Source: Deseret Morning News
Noor Ul-Hasan has never been reluctant to speak up on behalf of Muslims living in Utah. But even Ul-Hasan admitted Wednesday night, she sometimes lives in fear.
It was just this week, in fact, that she balked when somebody asked her to put her phone number in a local newsletter. "I said, 'No,' because I don't want to be targeted," Ul-Hasan told a small group attending a city-sponsored panel Wednesday night called "Freedom from Prejudice: Utah's Middle Eastern Voices."
Her fellow Utah Muslims are afraid to attend rallies, for fear that they will be profiled, said Ul-Hasan, who is a member of the Islamic Society of Greater Salt Lake. Because she has lived in America nearly all her life and has many friends in Utah, she says she knows that if she "disappeared tomorrow," those friends would speak up. But many of the refugees she works with - who have watched Muslims be detained and extradited - don't have that same assurance, she says.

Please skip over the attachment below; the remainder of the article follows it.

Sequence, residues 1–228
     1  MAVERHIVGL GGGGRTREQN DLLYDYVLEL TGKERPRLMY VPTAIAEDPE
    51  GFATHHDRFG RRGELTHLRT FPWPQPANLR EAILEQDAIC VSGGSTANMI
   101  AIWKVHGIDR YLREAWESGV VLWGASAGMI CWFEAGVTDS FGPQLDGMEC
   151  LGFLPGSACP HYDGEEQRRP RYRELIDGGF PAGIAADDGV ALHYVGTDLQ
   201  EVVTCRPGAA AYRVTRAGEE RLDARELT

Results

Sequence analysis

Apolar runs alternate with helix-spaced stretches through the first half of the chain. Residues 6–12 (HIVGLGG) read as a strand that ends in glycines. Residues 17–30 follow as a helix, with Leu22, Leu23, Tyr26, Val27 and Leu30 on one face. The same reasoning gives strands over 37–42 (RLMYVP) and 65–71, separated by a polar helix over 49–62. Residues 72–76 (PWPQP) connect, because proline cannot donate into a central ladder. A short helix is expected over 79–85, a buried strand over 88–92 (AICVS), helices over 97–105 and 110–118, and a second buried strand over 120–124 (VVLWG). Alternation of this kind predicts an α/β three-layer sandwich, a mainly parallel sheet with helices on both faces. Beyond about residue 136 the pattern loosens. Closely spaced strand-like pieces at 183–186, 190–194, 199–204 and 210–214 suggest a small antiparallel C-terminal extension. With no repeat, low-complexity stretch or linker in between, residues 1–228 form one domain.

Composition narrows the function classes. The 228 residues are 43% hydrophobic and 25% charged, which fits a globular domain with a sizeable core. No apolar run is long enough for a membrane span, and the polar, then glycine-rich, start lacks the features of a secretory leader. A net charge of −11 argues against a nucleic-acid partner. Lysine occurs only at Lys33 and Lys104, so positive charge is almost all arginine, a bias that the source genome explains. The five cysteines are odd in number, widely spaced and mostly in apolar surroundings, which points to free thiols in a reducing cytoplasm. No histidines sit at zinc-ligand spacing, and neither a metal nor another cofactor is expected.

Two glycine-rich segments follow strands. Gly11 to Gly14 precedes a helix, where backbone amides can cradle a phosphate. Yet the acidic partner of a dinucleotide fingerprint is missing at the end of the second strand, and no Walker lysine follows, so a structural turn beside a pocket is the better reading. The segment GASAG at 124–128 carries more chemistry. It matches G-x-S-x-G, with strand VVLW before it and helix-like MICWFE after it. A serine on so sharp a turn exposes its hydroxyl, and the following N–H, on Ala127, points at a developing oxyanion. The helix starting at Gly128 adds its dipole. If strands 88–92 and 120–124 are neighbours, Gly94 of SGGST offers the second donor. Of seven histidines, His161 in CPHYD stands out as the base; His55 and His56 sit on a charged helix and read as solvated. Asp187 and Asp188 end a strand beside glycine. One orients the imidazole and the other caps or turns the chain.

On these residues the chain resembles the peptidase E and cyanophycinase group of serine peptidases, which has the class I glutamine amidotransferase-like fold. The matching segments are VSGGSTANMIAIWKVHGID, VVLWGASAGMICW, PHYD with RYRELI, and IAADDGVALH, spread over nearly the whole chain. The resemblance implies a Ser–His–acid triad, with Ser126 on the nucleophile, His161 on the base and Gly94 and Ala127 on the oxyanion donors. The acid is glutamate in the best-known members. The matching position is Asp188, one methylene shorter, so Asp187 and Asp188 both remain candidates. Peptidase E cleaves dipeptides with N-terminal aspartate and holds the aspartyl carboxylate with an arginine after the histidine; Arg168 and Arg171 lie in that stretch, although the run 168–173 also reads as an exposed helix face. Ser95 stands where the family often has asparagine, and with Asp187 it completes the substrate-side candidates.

Ul-Hasan's has been a familiar voice in Utah since Sept. 11, 2001, as were most of the other members of Wednesday night's panel. There were familiar calls for continued dialogue and the need to establish personal relationships with people of other backgrounds and faiths.
"We should try to overlook what makes us different," said Ron Zamir, an Israeli who is chief executive officer of Allen Communication Learning Services. "We should talk about the things that bring us together."